Oral Health in Rural Communities – Models and Innovations
These stories feature model programs and successful rural projects that can serve
as a source of ideas and provide lessons others have learned. Some of the projects
or programs may no longer be active. Read about the
criteria and evidence-base for programs included.
Need: To improve the oral health status of children ages 3 to 17 living in underserved rural areas of Louisiana.
Intervention: School-based nurse practitioners perform oral health assessments, apply fluoride varnishes when indicated, and make dental referrals, with completion rates of the latter tracked by dental case managers.
Results: Significant numbers of school children are receiving oral health examinations, fluoride varnish applications, and receiving care coordination to improve numbers of completed dental appointments.
Need: In rural Garrett County, Maryland, a 1998 community survey found that 41% of kindergarten students had untreated dental decay, and many dentists in the area were not willing to see patients with medical assistance or state health insurance plans.
Intervention: In 1999, the Garrett County Health Department started the Something to Smile About program to improve access to dental care and help dentists negotiate higher reimbursement rates from managed care organizations.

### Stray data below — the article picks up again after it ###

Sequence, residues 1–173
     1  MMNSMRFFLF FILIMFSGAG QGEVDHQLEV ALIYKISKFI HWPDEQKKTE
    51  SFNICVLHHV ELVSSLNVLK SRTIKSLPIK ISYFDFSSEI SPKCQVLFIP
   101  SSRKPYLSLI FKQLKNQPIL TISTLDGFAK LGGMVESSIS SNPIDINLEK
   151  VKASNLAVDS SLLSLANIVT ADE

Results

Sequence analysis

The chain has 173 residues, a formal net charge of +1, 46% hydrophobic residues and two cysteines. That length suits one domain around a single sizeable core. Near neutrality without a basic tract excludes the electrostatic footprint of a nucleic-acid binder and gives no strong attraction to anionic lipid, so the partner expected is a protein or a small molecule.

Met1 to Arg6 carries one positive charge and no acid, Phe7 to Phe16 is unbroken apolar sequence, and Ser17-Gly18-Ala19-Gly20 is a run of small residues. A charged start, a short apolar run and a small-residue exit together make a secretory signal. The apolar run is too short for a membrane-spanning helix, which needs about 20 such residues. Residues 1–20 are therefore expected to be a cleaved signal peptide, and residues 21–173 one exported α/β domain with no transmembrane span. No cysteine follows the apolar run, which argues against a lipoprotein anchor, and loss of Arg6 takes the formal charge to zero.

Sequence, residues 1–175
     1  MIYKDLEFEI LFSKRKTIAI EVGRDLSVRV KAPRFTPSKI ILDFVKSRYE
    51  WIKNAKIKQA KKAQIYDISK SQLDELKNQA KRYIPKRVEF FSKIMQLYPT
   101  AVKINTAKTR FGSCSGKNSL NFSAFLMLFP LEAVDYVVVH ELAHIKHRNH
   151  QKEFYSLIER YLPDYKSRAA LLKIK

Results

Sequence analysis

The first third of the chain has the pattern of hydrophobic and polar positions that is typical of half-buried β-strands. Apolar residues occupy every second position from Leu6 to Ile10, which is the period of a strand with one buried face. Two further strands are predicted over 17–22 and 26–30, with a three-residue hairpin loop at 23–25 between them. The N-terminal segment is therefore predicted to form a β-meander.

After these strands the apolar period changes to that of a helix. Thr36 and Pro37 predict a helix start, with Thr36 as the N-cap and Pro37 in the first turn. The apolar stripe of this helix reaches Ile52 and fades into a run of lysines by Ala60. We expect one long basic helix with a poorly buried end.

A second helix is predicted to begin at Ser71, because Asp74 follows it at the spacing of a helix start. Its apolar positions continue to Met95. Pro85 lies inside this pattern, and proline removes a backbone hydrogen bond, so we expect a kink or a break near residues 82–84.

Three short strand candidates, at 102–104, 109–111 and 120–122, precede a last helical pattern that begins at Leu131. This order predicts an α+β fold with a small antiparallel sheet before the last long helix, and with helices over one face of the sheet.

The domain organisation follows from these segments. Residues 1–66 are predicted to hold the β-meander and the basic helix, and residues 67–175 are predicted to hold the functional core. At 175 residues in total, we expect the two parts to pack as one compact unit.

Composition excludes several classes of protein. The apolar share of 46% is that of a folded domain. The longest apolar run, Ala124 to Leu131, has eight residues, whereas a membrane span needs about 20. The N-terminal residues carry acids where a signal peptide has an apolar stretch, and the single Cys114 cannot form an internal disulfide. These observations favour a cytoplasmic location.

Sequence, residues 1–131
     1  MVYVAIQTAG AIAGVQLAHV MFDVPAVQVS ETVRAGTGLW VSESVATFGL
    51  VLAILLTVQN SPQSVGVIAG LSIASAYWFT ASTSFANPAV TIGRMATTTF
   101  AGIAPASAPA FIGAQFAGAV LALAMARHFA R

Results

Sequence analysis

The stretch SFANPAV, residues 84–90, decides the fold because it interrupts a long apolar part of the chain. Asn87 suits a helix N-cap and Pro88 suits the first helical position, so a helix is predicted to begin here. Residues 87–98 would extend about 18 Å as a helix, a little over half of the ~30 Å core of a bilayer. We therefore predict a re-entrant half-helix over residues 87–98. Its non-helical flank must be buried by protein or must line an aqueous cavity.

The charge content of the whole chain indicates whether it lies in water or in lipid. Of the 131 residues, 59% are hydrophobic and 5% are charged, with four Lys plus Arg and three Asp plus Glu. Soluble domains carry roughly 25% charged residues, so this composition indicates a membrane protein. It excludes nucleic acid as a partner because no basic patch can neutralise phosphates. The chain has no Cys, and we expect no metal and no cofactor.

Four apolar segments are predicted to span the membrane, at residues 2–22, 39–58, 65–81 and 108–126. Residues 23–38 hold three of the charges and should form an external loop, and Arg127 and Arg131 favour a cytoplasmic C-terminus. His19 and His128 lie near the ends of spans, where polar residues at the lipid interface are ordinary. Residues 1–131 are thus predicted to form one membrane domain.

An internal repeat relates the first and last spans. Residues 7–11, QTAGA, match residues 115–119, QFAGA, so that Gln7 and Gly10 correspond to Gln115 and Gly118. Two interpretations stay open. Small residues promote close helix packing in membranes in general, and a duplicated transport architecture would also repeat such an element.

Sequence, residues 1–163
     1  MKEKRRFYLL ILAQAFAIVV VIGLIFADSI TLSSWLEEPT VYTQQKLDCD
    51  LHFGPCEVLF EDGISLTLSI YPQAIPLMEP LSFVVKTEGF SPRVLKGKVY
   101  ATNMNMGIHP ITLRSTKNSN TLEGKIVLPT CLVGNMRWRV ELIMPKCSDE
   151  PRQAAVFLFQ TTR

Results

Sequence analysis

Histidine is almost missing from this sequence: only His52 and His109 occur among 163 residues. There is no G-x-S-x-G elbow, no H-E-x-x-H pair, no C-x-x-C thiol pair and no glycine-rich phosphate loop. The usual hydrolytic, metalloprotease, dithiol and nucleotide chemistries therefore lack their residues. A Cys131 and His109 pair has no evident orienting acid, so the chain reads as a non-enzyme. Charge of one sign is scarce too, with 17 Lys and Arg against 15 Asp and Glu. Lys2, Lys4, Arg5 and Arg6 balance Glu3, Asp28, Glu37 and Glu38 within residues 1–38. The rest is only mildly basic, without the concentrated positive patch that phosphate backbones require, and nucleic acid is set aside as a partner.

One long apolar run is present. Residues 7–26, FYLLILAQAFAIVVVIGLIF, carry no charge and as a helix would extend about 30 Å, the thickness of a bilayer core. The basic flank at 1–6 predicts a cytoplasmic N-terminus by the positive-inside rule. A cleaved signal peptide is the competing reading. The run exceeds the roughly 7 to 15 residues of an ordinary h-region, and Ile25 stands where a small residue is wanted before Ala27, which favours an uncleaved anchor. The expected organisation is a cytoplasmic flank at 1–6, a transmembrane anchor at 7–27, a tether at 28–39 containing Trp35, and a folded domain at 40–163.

Results: The program established a community dental clinic, provided care to thousands of individuals, and negotiated 30% higher rates for dental service reimbursement.
Need: Oral healthcare for low-income adults and children unable to obtain dental care in the Mid-Ohio Valley of West Virginia.
Intervention: Public health dental hygienists act as gatekeepers, screening low-income clients and placing them with area dental providers who volunteer from their private practices to provide needed dental treatment.
Results: Reduces the number of emergency department visits for dental pain and infections and provides a safety net for those unable to afford dental treatment.
Need: In Colorado, 31% of children have experienced dental decay by the time they reach kindergarten. With several frontier and rural counties in Colorado considered dental deserts, options for oral healthcare are limited.
Intervention: Cavity Free at Three (CF3) works to improve access to preventive oral health for pregnant women and young children. While CF3 is a statewide effort, 87% of the program's target counties are considered rural or frontier.
Results: CF3 has trained over 5,000 medical and dental professionals in performing preventive dental health. The percentage of children who received oral healthcare from a medical or dental provider before the age of 2 has progressively increased, and fewer Colorado children have cavities now than they did 10 years ago.